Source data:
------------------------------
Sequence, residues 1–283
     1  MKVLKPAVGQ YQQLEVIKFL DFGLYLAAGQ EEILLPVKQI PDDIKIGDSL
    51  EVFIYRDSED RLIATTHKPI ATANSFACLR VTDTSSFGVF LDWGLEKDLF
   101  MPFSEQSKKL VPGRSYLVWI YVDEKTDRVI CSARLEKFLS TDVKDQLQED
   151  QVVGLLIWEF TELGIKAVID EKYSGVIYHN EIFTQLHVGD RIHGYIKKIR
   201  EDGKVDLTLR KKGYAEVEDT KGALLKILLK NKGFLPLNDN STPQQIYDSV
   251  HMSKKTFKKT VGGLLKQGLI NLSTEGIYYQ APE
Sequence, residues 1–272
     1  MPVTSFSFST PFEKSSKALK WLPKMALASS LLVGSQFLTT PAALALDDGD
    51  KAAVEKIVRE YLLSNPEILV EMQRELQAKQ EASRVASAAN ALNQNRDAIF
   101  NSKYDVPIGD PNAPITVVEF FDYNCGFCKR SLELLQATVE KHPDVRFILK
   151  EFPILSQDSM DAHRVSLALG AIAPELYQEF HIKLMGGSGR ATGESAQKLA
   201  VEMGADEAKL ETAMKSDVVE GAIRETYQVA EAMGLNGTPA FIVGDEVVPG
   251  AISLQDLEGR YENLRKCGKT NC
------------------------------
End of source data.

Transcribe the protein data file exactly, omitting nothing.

Sequence, residues 1–283
     1  MKVLKPAVGQ YQQLEVIKFL DFGLYLAAGQ EEILLPVKQI PDDIKIGDSL
    51  EVFIYRDSED RLIATTHKPI ATANSFACLR VTDTSSFGVF LDWGLEKDLF
   101  MPFSEQSKKL VPGRSYLVWI YVDEKTDRVI CSARLEKFLS TDVKDQLQED
   151  QVVGLLIWEF TELGIKAVID EKYSGVIYHN EIFTQLHVGD RIHGYIKKIR
   201  EDGKVDLTLR KKGYAEVEDT KGALLKILLK NKGFLPLNDN STPQQIYDSV
   251  HMSKKTFKKT VGGLLKQGLI NLSTEGIYYQ APE
Sequence, residues 1–272
     1  MPVTSFSFST PFEKSSKALK WLPKMALASS LLVGSQFLTT PAALALDDGD
    51  KAAVEKIVRE YLLSNPEILV EMQRELQAKQ EASRVASAAN ALNQNRDAIF
   101  NSKYDVPIGD PNAPITVVEF FDYNCGFCKR SLELLQATVE KHPDVRFILK
   151  EFPILSQDSM DAHRVSLALG AIAPELYQEF HIKLMGGSGR ATGESAQKLA
   201  VEMGADEAKL ETAMKSDVVE GAIRETYQVA EAMGLNGTPA FIVGDEVVPG
   251  AISLQDLEGR YENLRKCGKT NC